He also tackled the issue of Zimbabwe in his UNISA address: “The world is waiting, wanting to re-engage with a reforming Zimbabwe government…Change before the 2008 elections (is) essential. The international community must be prepared to help build the shattered economy.”
“In Zimbabwe, decades of repression have forced up to one third of the country to flee. Life expectancy has dropped from 60 in 1990 to 37. And South Africa’s economy loses three percent of GDP (gross domestic product) thanks to Zimbabwe’s economic meltdown.”
Zimbabwe, a former colony of Britain, gained independence in 1980. Zimbabwean President Robert Mugabe has accused Blair and other Western leaders of responsibility for the problems in his country, saying they wish to topple its government.
The western Sudanese region of Darfur, for its part, is embroiled in civil war that broke out in 2003 – and in a vast humanitarian crisis involving tens of thousands of displaced people and refugees. Britain has been campaigning with the United States to increase the number of African Union (AU) peacekeepers deployed there from 7,000 to about 20,000.
“No conflict demonstrates the need for action more than Darfur: 200,000 dead; four million dependent on food aid; 2.1 million displaced persons within Sudan – but also over 230,000 refugees (who) have fled into Chad, joining 140,000 internally displaced Chadians, and almost 50,000 refugees from CAR (Central African Republic) fleeing the fighting in their own country,” Blair said during the UNISA speech.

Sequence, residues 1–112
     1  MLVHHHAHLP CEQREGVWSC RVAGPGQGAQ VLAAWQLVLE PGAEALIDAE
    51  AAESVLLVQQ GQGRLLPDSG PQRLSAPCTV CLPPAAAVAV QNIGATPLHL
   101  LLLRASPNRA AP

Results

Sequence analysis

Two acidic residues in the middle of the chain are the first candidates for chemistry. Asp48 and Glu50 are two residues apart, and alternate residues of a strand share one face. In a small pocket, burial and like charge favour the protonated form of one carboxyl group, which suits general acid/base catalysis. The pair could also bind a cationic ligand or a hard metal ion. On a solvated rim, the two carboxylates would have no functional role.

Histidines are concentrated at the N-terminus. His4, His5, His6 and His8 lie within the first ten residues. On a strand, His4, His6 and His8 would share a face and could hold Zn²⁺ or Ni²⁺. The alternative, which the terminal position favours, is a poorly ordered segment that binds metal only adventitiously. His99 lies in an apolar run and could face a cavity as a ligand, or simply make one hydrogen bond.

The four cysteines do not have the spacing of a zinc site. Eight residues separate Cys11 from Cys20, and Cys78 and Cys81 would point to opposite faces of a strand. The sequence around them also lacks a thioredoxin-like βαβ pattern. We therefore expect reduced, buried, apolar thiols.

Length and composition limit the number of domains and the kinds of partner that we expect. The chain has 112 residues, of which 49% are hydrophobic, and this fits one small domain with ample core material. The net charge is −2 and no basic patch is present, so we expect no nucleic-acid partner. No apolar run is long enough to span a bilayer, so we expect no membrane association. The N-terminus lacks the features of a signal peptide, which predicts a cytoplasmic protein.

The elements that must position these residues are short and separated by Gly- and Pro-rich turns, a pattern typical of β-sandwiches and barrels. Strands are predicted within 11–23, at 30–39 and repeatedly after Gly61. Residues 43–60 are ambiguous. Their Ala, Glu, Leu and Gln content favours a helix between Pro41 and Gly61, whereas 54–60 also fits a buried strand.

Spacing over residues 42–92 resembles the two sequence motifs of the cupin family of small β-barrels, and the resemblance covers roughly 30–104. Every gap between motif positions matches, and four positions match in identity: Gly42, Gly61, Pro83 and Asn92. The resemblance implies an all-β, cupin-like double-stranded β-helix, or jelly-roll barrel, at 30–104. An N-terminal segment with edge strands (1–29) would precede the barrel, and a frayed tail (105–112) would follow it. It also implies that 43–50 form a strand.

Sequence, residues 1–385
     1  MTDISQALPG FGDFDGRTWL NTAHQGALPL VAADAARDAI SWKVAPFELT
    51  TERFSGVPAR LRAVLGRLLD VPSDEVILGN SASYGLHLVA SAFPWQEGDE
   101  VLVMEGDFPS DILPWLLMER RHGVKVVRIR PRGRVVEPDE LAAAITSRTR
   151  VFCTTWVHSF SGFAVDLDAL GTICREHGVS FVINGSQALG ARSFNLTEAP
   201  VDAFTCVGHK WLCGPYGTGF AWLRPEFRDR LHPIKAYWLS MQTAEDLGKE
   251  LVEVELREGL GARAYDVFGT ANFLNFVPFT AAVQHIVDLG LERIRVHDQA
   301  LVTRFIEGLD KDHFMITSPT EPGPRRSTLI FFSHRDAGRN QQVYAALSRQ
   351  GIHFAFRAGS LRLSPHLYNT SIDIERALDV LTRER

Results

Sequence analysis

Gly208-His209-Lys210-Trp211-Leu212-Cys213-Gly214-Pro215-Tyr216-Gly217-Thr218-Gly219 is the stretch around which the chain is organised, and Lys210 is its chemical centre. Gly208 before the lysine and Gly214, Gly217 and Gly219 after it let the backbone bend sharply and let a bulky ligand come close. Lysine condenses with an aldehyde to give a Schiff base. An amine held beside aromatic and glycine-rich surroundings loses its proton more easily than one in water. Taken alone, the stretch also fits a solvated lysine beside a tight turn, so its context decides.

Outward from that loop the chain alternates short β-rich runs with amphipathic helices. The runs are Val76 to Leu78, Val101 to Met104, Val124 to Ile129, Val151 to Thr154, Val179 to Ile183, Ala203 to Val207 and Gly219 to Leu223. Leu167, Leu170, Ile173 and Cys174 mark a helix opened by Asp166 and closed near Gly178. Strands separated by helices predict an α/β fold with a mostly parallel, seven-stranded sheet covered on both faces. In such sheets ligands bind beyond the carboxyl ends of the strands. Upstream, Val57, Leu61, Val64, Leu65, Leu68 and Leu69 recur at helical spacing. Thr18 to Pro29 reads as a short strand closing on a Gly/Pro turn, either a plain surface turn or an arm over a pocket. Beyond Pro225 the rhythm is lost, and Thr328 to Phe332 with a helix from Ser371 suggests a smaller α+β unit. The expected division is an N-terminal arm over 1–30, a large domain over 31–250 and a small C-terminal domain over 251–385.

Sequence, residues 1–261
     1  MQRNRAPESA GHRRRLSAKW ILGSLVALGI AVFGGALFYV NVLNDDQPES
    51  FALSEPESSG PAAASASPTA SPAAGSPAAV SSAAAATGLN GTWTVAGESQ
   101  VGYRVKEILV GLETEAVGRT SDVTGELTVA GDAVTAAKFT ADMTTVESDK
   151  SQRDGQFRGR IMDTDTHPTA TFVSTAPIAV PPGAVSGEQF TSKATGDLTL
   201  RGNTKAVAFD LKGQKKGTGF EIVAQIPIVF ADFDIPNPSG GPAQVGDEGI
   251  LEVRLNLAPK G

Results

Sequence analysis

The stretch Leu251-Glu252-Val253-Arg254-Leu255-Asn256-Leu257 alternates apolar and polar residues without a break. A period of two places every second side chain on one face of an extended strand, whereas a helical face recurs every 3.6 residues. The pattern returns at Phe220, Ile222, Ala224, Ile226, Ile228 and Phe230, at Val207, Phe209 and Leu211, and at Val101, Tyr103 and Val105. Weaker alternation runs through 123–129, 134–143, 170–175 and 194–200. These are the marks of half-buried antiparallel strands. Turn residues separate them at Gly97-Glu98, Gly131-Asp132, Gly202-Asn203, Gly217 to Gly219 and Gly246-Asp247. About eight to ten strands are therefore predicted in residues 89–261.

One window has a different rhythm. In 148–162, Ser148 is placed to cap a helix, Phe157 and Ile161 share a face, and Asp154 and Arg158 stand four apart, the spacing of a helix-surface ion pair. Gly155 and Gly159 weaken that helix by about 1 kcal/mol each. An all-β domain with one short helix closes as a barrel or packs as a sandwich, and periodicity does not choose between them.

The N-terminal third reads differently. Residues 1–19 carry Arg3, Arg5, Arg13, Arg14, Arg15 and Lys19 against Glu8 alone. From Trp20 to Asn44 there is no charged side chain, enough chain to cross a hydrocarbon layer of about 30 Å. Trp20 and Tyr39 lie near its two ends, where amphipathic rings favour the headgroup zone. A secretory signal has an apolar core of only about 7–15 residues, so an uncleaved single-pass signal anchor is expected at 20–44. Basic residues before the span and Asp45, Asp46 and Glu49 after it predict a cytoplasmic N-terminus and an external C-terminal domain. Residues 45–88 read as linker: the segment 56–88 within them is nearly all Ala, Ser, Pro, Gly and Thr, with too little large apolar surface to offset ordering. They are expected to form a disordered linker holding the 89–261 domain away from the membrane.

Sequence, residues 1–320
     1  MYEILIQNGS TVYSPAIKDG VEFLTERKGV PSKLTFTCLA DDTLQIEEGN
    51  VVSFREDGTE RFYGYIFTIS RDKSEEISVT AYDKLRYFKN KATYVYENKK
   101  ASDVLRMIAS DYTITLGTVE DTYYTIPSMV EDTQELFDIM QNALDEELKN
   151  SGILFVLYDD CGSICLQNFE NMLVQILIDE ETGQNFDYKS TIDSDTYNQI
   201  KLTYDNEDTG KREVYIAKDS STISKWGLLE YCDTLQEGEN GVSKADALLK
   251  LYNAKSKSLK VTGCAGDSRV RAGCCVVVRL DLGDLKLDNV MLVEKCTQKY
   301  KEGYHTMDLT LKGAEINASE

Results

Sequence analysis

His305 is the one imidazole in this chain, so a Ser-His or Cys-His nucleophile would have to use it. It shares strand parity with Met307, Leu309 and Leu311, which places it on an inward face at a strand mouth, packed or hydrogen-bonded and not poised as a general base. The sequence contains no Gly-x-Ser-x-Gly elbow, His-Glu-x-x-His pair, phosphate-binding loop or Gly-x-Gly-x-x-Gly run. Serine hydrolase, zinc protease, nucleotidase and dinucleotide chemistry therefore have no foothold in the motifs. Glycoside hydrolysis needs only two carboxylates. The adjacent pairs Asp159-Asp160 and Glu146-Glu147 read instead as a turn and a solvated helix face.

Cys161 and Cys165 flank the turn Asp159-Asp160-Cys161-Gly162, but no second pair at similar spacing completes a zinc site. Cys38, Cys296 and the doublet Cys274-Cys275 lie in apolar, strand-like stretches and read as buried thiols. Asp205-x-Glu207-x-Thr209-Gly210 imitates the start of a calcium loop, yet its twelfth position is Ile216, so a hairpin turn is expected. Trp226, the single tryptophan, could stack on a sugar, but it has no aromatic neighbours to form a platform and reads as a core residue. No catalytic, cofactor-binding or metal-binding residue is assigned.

“It is wrong that President Bashir, intent on bombing his way to a solution, is determined to obstruct any effort made to reinforce the AU’s ability to improve security and stability,” he noted, in reference to Sudan’s leader, Omar al Bashir. “We must offer President Bashir a choice. Engage with us on a solution. Or, if you reject responsibility for the people of Darfur, then we will table and put to a vote sanctions against the regime.”
Adar believes that Blair’s trip was motivated more by commercial considerations than humanitarian intent. The premier was paving the way for British multinationals to enter Libya’s lucrative oil sector, acquire mineral rights in Sierra Leone, and clinch business opportunities in South Africa, he claimed.
“Libya kicked out all those multinationals five years after Muammar Gaddafi came to power in 1969. Blair now wants British multinationals to revisit Libya’s oil industry,” he noted.
While in Libya, Blair did announce a 900-million-dollar contract that will return British Petroleum (BP), Britain’s largest oil firm, to Libya.
Blair will step down Jun. 27, and be replaced by Gordon Brown – Britain’s chancellor of the exchequer.
When the outgoing leader and his wife, Cherie, met former South African president Nelson Mandela in Johannesburg this week, the latter described Blair as “a good friend of South Africa”.
On a more humorous note, the 88-year-old also welcomed Blair – 54, and described by Mandela as “a young man” – to “the retired club of former presidents”.